Lewis Hamilton admits he would have made the same move Sebastian Vettel made when rejoining the track in the Canadian Grand Prix, but doesn’t believe that excuses a penalty.
Race leader Vettel ran wide at Turn 3 and cut across the grass, fighting to regain control as he returned to the track and squeezing Hamilton towards the wall on the exit of Turn 4. Hamilton braked to avoid a collision and Vettel was handed a five-second time penalty that dropped him to second place in the final results.
“I watched the replays, it’s obviously very close,” Hamilton said. “What I can say is that if I was in the lead and made a mistake and went wide, probably would have done the same thing, because it happens so quick and you’re just trying to hold your position. But, when I say I’d do the same, I would have tried to squeeze him too, and that’s ultimately what happened. My opinion on that has not shifted.
“Regarding the rules, say you didn’t have that rule, I would have kept it lit and we would have crashed, so one way or not it was going to go badly. I don’t feel any particular way about it. Seb drove a great race – except for his little off, he did a great job.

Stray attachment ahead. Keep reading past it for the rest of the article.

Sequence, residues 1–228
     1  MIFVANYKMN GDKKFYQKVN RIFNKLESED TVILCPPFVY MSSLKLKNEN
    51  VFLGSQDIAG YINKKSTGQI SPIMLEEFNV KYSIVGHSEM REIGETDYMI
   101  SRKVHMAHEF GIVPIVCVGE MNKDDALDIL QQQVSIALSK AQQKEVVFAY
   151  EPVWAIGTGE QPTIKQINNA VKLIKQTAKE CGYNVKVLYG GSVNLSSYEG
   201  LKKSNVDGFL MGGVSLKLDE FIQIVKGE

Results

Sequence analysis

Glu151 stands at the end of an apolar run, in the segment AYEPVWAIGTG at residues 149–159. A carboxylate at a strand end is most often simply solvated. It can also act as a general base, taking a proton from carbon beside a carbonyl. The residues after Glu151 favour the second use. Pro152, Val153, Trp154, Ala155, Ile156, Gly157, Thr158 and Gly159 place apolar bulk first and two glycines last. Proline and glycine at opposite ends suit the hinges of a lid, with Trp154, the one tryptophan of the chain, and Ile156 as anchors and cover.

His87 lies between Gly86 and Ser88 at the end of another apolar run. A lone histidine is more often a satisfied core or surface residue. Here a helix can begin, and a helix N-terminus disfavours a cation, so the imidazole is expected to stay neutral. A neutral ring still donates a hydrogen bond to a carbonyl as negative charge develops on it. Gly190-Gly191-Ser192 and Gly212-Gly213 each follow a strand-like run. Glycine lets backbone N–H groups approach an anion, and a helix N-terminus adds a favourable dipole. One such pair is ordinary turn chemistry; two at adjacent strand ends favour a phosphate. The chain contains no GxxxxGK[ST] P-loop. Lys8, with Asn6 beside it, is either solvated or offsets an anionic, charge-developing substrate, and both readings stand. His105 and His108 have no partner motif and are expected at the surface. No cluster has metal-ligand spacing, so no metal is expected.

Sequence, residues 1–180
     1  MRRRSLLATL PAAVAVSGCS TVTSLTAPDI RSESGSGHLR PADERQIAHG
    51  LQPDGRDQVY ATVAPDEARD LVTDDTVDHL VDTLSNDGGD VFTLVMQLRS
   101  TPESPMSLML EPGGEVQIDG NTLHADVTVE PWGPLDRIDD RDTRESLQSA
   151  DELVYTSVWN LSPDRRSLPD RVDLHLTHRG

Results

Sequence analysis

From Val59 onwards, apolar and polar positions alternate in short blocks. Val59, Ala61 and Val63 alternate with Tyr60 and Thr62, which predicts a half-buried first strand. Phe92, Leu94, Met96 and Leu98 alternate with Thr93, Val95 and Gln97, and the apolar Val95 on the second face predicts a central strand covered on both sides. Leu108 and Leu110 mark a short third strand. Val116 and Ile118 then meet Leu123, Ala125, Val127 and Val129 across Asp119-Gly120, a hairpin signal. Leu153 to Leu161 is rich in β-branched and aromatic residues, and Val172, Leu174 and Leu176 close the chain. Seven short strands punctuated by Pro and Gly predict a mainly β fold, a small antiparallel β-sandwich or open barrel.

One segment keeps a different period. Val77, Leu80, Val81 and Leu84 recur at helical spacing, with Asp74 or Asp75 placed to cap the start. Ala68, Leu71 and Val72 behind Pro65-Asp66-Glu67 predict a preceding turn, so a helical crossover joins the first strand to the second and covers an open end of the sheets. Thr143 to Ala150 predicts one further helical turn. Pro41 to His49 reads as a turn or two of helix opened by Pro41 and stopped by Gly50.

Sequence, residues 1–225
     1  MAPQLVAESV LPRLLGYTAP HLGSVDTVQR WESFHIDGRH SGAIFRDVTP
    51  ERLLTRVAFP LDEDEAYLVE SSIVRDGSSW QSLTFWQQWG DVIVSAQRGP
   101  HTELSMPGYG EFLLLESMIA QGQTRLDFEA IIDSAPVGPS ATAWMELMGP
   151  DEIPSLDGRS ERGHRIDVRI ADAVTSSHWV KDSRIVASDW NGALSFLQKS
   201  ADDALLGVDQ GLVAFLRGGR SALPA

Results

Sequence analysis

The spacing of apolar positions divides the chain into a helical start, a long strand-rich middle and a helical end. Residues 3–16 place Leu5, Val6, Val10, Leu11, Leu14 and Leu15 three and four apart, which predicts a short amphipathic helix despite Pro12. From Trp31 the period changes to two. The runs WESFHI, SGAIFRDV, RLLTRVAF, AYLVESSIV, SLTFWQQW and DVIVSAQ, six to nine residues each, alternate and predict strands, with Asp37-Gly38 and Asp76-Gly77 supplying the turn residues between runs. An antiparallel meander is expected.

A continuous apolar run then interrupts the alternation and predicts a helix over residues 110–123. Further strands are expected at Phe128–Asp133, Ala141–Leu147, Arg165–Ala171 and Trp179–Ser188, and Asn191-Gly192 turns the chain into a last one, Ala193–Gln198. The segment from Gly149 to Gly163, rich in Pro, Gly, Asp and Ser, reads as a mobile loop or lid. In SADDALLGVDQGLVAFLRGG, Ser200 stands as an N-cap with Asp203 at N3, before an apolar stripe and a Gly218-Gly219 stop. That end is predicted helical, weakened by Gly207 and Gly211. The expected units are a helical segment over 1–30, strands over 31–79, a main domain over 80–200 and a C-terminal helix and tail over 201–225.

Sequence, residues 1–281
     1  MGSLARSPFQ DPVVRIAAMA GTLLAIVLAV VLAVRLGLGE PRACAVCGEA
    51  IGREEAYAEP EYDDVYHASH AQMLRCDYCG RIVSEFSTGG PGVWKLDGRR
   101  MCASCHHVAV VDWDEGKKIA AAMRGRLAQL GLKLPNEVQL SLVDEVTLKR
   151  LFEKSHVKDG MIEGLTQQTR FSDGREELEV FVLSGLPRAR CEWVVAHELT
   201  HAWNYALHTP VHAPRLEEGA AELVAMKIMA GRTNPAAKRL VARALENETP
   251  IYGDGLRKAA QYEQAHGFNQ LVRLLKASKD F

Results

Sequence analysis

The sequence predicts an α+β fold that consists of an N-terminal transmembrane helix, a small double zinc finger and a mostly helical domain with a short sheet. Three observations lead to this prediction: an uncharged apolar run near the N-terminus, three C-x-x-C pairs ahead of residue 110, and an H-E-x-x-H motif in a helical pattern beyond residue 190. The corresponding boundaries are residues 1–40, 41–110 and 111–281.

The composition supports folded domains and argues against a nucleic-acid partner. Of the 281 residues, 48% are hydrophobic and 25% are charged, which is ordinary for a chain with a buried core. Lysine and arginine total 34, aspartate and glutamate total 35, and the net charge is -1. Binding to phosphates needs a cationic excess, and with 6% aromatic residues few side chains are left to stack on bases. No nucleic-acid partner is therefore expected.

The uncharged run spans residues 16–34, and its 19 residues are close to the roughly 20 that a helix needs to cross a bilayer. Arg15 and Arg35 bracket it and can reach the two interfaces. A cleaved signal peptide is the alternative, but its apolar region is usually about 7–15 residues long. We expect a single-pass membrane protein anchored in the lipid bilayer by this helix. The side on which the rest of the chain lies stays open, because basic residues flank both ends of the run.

“Ferrari was so strong this weekend and a real formidable force. I think we were very, very fortunate to be in the battle with him, as they genuinely could have had a one-two if they had a front row for example, but luckily I was able to stop it.”
Despite expecting he would have reacted in the same way had he made the error, Hamilton says the regulations still state such a move is illegal.
“Well the thing is, from a driver’s point of view you know how it goes,” he said. “It’s different when you’re watching as a viewer. But as a driver things go wrong and it’s ‘oh, shoot’, and you try and squeeze so that you don’t lose a position. It’s a natural instinct that you have.
“You’re not going to go ‘oh, actually I’m going to pull to the left and let buddy go by’. So he did block me, unfortunately he went off-track, and the way the rules are written that’s how it’s described. It is what it is.”